Endemol for Five, 5 August 2002 to 8 March 2007 (approx 1200 programmes)
Later shows credited to Cheetah Television West
Cheap 'n' cheerful live daytime show that became a surprise hit before being embroiled in one of the biggest TV scandals of recent years.
Various word games were featured, none particularly original (indeed some are parlour games going back to... oh, I dunno, let's say the Victorian age) but they were eminently playalongable and good fun.
The games included:
Scramble: A word is split up into two- or three-letter segments which are mixed up and the first person unravel them gets five points. For example, if you were presented with AS NTE AI ER BR then the answer would be "Brainteaser".
Crossfire: Not really a word game at all, rather a general knowledge round with answers inserted into a grid, Crosswits style. Sadly, the grid was always the same which was a bit cheapass.
Trio, Tri-i-i-o!: Three letters come up on screen and the contestants get ten points for being the first to come up with a word that uses the letters in the right order, so if you were given MTH you could have MYTH, MOTHER or even SMITH. Very similar to a round in Masterteam and the main game from Catchword. And, indeed, a mainstay of "games to play on car journeys" books since number plates were invented. Something of a classic game, you might say.
Clued Up: The players are given a series of clues to a person, TV programme, sport or just about anything else, really. As you would expect, first to buzz in with the correct answer gets the points.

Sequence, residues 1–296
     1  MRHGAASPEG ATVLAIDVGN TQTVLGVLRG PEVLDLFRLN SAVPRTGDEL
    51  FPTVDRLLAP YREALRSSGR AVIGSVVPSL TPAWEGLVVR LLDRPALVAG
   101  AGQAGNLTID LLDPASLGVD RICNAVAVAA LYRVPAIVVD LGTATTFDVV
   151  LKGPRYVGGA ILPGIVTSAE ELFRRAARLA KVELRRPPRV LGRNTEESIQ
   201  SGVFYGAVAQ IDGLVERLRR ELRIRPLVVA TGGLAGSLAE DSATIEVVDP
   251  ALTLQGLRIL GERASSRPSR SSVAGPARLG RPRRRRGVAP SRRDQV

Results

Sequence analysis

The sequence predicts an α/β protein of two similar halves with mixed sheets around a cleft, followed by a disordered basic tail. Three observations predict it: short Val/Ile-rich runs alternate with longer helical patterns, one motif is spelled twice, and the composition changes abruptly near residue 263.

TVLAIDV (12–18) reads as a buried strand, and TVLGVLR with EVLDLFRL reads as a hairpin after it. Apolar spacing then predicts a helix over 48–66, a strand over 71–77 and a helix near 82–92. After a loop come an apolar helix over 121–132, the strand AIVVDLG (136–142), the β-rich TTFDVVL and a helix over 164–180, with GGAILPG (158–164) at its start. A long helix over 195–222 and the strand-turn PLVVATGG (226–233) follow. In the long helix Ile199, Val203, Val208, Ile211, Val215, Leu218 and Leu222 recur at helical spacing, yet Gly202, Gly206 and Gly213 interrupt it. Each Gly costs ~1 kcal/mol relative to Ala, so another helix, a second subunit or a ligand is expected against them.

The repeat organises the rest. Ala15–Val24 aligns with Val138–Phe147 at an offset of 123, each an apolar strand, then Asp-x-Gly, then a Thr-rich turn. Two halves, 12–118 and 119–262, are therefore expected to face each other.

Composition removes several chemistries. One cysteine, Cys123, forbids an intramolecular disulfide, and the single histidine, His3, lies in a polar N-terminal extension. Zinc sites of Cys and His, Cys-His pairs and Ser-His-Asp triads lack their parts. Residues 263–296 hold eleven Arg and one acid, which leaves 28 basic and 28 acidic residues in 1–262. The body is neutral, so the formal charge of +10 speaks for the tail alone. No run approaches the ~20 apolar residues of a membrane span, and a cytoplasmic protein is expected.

Wordstorm: Contestants are given the first and last letters of a word, and its length. Points to the first to come up with a valid answer and again, anything that fits will do, thanks to some nifty computer-assisted adjudication. Actually quite a tricky round, although some letter-combinations gave plenty of easy word-options.
Pyramid: The endgame starts with the contestant given a three-letter word, for example YES, then they have to identify a four-letter word which is made up of the same letters plus one new one which is put in position for them, e.g. ? A ? ? - which would be EASY. See? Repeat to create a five-letter word, and so on. Get five right in 45 seconds and they win the top prize of £3000. The important change here was that only one word was valid in each combination, so an alternative word that happened to fit the grid would not be accepted - well, they had to make it a bit harder for the endgame, didn't they? Every time contestants got the new word, they would be given the choice of carrying on or taking the money and running. In the original version, if they failed to get the correct word and ran out of time, they'd go home with nothing, but this later changed to ensure that they would leave with £100, the initial amount, if they failed.
The original structure within the one-hour show was two heats, each with two contestants, then the winners went head-to-head in the final, and the overall winner played the Pyramid game. In November 2006 this was changed, so that now all four players start at the very beginning and at certain stages the lowest scorer is eliminated. So that no game is repeated, there were three additional games in later series: